There are Still States Where Same-Sex Couples Can’t Marry, But the IRS Ain’t Got Time For That

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August 30, 2013 by gabnormal

Gov. Tom Corbett’s (R-PA) lawyers said in a statement that same-sex couples can’t get married, just like 12-year-olds can’t get married, because quite obviously a same-sex couple wherein both partners are 18 and up have the same mentality as 12-year-old’s and shouldn’t be allowed to marry. Derp.

This statement was sparked after a Montgomery County Register of Wills, D. Bruce Hanes has issued more than 150 marriage licenses to same-sex couples since July 24, almost a month after the landmark rulings from the Supreme Court that eliminated Prop 8 and DOMA in June.

Hawaii, on the other hand, is moving to make same-sex marriage legal, as Democratic Gov. Neil Abercrombie provided lawmakers with a draft of legislation that will hopefully move the process forward, making same-sex marriage legal in Hawaii sometime in the near-ish future.

All of that being said, the IRS doesn’t really give a fuck either way. Thursday, the Treasury Department and the Internal Revenue Service said that regardless of what state they live in, as long as a couple is legally married they will be able to file for joint tax returns.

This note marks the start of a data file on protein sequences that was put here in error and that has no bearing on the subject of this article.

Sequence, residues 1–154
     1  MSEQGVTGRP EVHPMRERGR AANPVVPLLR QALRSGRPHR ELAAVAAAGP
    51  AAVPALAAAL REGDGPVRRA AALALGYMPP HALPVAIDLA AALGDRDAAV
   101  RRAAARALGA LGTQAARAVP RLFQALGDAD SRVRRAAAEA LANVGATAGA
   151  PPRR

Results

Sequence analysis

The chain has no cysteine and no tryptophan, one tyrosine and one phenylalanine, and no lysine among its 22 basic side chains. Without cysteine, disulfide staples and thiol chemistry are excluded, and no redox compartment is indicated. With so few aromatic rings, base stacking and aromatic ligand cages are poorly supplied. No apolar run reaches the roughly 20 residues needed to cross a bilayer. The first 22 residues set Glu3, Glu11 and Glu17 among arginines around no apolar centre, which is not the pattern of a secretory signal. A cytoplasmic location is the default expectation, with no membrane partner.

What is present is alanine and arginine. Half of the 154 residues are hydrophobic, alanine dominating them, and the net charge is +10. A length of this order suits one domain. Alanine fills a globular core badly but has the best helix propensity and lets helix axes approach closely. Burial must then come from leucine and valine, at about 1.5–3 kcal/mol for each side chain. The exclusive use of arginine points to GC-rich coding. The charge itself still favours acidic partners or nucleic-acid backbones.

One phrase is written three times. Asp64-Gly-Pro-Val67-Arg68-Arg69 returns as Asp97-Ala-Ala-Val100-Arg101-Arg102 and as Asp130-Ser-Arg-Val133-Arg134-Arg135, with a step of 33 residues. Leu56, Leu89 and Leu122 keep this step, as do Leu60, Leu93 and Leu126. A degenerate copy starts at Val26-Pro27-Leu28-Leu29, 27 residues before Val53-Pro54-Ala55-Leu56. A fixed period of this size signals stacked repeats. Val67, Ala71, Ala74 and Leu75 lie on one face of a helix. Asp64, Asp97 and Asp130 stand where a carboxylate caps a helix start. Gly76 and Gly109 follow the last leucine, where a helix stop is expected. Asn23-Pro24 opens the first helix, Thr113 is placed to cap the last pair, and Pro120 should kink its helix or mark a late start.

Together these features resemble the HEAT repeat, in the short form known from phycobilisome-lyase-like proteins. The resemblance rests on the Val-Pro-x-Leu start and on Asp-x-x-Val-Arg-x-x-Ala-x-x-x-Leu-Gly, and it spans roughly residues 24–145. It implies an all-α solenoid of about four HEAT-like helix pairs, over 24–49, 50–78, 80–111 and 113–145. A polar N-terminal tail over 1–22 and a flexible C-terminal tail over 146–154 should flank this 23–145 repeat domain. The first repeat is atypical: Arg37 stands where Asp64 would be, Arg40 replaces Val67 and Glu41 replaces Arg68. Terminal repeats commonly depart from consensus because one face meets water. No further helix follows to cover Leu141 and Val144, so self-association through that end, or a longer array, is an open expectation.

This means that, as long as a couple gets married in a state that recognizes same-sex marriage, they can move to wherever they please, including states that may not recognize their marriage, and not worry about changes occurring to their tax filings. A couple who gets married in New York and then moves to Pennsylvania can still file jointly, just as if they got married in New York and stayed there.

This also means that many same-sex couples who have been together for a long period of time may be eligible for refunds, which kind of makes this whole thing a lot cooler than it already was to begin with.

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